Recently Malawi president Peter Mutharika invited ridicule when he urged starving Malawians to eat mice to stave off hunger. He has been President for over two years now in a country which, with a Gross National Income of $250 per year per capita, makes it the poorest in the world. Perhaps the indifferent start to his presidency is because he is still settling into what must be the toughest job on the continent.
Peter Mutharika did not come into his job unprepared. From 2004, he was a top advisor to President Bingu wa Mutharika, his brother, and had also served as a Minister of Justice, Minister of Education, Science and Technology and Minister of Foreign affairs between 2009 and 2012.
Yet, serving under his older brother, Peter Mutharika was an unremarkable minister and didn’t show any particular spark of leadership. When he was at education in 2011, the police planted spies in a political science class of professor Blessings Chinsinga at Chancellor College, the main campus of the University of Malawi. University lecturers demanded an apology from the Inspector General of Police and refused to teach until their “academic freedom” was assured and respected.
The stand off that ensued lasted some eight months. At its peak, the Minister of Education drew ire and indignation when he took off on holiday and flew out to the United States. In that year, the Times , which rates the performance of ministers and the president, gave Peter Mutharika a rating of 4, out of a possible 10.
In many ways, that is Peter Mutharika’s style: to do nothing about anything. He was minister of foreign affairs when his brother, in an act of irrational pique, declared Fergus Cochrane-Dyet, the British High Commissioner to Malawi persona non grata and expelled him from the country. Instead of taking charge to resolve the situation, Peter Mutharika again went missing in action, effectively closing his eyes and wishing the problem just went away.
“Peter Mutharika’s style is to let things run on autopilot, wishing that nothing too bad happens,” says Stanley Onjezani Kenani, a popular Malawian author and political commentator.
Peter the President
But the job of president is what Peter coveted the most, almost with a sense of entitlement. When his brother died in office at the age of 78 on 5, April 2012 and manoeuvres to install him president crumbled, the report of the commission of inquiry into the death of Bingu wa Mutharika says that Peter Mutharika wanted the Malawi army to take over instead. If he was not going to be president, he didn’t want then vice-president and bitter rival Joyce Banda to take over, either.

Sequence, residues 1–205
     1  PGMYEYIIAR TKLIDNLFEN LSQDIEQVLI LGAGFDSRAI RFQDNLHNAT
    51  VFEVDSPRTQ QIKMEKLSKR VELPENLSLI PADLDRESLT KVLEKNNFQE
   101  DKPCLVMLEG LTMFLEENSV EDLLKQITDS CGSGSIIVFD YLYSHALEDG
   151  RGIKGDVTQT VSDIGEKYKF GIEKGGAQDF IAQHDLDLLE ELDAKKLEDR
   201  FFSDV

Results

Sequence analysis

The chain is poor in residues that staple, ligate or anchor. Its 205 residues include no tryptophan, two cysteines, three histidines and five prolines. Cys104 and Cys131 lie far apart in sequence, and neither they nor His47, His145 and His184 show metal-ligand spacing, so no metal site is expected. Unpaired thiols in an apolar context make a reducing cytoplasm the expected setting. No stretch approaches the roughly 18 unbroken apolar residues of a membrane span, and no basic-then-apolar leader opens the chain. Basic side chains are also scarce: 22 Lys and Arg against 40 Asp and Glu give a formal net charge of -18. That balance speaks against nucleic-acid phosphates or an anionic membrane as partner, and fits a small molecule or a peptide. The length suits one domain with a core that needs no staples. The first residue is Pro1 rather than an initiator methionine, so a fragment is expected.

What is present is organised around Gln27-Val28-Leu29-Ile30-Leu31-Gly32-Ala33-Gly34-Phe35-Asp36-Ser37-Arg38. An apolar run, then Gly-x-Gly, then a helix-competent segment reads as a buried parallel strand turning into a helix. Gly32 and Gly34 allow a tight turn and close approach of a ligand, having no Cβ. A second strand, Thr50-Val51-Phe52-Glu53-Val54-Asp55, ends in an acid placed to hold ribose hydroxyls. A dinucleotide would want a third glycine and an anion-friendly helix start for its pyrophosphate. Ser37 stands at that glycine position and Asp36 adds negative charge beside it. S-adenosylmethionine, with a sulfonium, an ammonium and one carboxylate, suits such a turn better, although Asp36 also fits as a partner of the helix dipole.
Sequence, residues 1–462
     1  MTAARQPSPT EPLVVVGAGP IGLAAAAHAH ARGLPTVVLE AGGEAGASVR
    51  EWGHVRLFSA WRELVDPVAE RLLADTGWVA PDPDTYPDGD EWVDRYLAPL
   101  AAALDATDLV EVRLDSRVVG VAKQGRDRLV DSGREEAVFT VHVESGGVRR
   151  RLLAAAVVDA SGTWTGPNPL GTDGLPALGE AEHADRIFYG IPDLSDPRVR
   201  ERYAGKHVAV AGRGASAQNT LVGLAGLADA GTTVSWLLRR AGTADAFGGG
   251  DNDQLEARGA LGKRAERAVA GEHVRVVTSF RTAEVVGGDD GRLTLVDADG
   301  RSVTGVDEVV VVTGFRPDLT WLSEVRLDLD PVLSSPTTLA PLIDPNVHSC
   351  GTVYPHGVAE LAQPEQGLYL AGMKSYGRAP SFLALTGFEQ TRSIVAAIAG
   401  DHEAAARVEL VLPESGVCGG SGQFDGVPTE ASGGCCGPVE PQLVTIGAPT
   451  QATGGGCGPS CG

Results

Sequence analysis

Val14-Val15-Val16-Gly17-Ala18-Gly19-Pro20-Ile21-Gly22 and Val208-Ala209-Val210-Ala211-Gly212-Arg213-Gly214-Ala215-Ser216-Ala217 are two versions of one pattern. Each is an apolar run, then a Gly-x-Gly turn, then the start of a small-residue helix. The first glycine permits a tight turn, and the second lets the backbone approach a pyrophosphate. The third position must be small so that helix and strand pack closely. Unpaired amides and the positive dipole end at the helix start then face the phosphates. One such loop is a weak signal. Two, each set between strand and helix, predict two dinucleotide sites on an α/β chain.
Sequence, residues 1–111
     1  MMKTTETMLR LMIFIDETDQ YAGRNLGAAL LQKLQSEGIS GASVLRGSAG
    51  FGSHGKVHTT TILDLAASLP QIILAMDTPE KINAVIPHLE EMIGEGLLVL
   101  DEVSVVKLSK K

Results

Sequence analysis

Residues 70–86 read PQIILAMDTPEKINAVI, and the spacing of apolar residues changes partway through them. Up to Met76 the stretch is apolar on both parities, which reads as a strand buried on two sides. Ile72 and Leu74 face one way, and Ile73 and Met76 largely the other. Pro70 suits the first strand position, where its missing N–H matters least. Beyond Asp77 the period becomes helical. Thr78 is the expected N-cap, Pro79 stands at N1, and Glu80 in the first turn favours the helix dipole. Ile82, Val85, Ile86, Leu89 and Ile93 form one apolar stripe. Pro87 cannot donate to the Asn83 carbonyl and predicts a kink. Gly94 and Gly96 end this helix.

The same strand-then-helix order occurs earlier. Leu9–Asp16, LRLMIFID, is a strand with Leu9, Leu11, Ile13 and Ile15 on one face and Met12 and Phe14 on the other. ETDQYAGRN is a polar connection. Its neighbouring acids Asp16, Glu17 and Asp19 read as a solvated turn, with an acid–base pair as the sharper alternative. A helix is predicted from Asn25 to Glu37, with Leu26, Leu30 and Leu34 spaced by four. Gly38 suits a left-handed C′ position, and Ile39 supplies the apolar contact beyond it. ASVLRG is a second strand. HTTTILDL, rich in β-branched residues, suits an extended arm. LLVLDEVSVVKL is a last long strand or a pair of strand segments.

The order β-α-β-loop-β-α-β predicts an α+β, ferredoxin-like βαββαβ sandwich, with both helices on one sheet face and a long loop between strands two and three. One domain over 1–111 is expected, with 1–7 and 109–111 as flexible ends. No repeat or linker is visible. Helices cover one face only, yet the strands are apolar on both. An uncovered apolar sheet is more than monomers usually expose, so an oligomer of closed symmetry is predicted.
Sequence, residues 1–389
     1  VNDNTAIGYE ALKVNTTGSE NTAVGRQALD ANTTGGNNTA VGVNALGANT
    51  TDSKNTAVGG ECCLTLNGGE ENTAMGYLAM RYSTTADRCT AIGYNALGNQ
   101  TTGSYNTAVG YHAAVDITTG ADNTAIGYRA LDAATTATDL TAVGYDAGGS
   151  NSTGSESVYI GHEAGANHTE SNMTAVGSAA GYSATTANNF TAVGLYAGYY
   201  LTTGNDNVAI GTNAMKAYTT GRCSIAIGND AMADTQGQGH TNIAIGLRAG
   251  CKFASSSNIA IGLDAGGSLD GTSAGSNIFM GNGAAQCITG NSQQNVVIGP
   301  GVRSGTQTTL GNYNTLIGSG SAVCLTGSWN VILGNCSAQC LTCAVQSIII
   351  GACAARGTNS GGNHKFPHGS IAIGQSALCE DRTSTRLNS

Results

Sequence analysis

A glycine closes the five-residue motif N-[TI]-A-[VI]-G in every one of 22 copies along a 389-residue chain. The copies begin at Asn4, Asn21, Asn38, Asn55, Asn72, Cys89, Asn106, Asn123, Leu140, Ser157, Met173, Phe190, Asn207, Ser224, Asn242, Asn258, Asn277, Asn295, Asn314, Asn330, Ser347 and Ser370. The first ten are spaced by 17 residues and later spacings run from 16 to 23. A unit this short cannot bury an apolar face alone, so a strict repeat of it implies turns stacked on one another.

But constitutional order won. Joyce Banda became president, ruled for two years and lost the presidency in 2014, allowing for Peter to ease into the seat he probably wanted the most since his brother invited him back home in 2004, after he had been away from Malawi for more than 40 years.
Back in 2004, when Bingu wa Mutharika first became president of Malawi, he came in like a hurricane; he declared that his administration would have “zero tolerance to corruption”; he broke away from the United Democratic Front (UDF)—the party that had sponsored him into office—ostensibly because it was corrupt and formed his own party, the Democratic Progessive Party (DPP). He asked Malawians to “dream in colour” and try to achieve the impossible. His investments in agriculture saw Malawi, following a bumper harvest in 2007, selling more maize to the World Food Program than any other country in southern Africa, and exporting hundreds of thousands of tons of maize to stricken Zimbabwe.
Malawi fell in love with Bingu’s “dreams” and the honeymoon lasted all of five years, and some. At the presidential election of 2009, Bingu’s mandate was renewed with 66.7% of the ballot.
But Peter Mutharika—elected on 31 May, 2014—has been president for only two years and, already, cracks have begun appearing in his marriage with the people of Malawi.
Disconnected from reality
Struggling to define his vision and plan of action, he is on his fourth press secretary now, having hired and fired Fred Ndala, Timpunza Mvula and Gerald Viola in quick succession.
During the rare moment that he tries, he has not always been successful in communication and defining what it is that he stands for. In a BBC Hardtalkinterview, President Mutharika did his best to blame everything on his predecessor and bitter rival, Joyce Banda and cashgate. Cashgate, the infamous theft of $200m from treasury by civil servants and the politically connected, happened under the presidency of Joyce Banda.
But in doing that, he lost an opportunity to weave a compelling narrative about the country, to articulate his vision, and, more importantly, to sell his action plan to the world and hope to get some buy-in from much needed investors. With his fixation on blaming Joyce Banda, Mutharika missed the opportunity to talk about many of the country’s priorities, chief of which is the need to stamp the cancer of corruption and wasteful government spending and put in measures to attract foreign direct investment and incentives for businesses to function at an optimum.